Rework revolution: the changing face of fashion
When was the last time you brought a t-shirt on a whim, only to lose it to the wilderness of your wardrobe, never to be worn again? Or perhaps a hem came loose on your dress and you had no time or clue how to fix it.
It’s exactly this throwaway culture that spousal team Andrew and Elizaveta Bennett are looking to remedy, with their design studio Arkdefo. Named after a combination of their skills (Andrew comes from architecture, and Elizaveta has a design and fashion background), the brand helped by Virgin StartUp aims to reinvent the lost art of clothes-making with a series of online sewing courses.
“I’ve been making my own clothes all my life. It’s such a simple skill but somehow we’ve completely forgotten how to do it,” Elizaveta tells Virgin Red. “I’ve developed a system to teach people how to make clothing based on their own measurements – for pieces that will last longer and fit better than anything you’ll find in today’s world.”
With the fashion industry contributing between 2-10% of global carbon emissions, and Brits alone throwing away about 3.1kg of textiles every year, Arkdefo’s courses hark back to a different time in fashion.
Reviving lost skills
At the heart of the Arkdefo mentality is the long-neglected craft of upcycling; and how this helps people to make their clothes last longer, and hold more meaning.
“We want to empower people to extend the lifespan of their clothes,” says Andrew. “It’s about reviving that sense of care and attention in the making process. So many adults today aren't able to sew a button back onto a jacket, and therefore it ends up in landfill. And all because they don't know that core skill.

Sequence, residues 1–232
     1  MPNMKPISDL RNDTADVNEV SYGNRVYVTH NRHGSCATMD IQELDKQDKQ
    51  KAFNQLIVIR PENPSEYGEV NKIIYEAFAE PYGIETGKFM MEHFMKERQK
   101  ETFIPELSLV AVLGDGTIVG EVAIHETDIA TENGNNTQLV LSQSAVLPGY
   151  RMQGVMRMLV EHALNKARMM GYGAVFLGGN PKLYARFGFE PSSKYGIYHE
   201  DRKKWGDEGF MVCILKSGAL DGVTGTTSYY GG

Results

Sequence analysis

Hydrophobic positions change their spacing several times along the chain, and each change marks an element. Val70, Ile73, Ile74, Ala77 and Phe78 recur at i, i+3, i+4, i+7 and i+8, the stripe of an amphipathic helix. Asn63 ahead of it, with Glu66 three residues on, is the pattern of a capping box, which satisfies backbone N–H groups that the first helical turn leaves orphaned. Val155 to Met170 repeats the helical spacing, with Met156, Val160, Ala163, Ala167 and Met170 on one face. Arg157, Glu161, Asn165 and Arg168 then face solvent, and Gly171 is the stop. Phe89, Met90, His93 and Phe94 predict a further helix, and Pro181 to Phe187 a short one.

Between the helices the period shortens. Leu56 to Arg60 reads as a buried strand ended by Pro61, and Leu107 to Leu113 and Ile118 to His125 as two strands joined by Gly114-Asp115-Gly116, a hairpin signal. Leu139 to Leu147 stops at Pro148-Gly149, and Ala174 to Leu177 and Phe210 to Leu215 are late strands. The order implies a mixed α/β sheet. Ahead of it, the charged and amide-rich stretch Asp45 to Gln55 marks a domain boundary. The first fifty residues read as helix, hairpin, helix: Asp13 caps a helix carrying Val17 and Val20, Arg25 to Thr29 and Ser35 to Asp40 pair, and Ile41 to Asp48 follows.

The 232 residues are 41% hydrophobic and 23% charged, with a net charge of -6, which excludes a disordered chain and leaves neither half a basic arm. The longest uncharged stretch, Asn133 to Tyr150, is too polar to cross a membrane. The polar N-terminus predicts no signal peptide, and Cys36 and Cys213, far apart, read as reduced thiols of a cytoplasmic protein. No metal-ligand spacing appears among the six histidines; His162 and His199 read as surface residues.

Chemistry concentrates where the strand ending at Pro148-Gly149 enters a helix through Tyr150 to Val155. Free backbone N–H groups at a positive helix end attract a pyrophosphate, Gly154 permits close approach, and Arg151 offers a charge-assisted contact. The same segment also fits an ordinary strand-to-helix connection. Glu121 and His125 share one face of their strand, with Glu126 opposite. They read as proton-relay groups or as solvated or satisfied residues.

“That’s why our sewing and fashion design course with kids is so popular,” he continues. “Children are generally more willing to throw themselves into the design process without worrying about making mistakes. By teaching them how to make their own clothes in an engaging way, they’ll learn the value of those garments from childhood. They’ll discover what it means to make something for themselves, and that sense of connection will lead to a more considerate generation of shoppers.”
As Elizaveta points out, making your own clothes also gives adults the freedom to craft their own designs from scratch. With women owning on average 12% of “inactive” clothing – including pieces that don’t fit, or have gone out of style – it’s little wonder that we churn through 80 billion items annually, wearing each new buy a mere seven times before throwing them away.
“People think a circular approach to fashion is so complicated, but it’s not. To make your own clothes just takes practice, and the end result is you have something you really want,” Elizaveta says. “You just need to start testing and playing around, using materials you might otherwise have thrown away, like old bed sheets or curtains.”
Reconnecting to clothing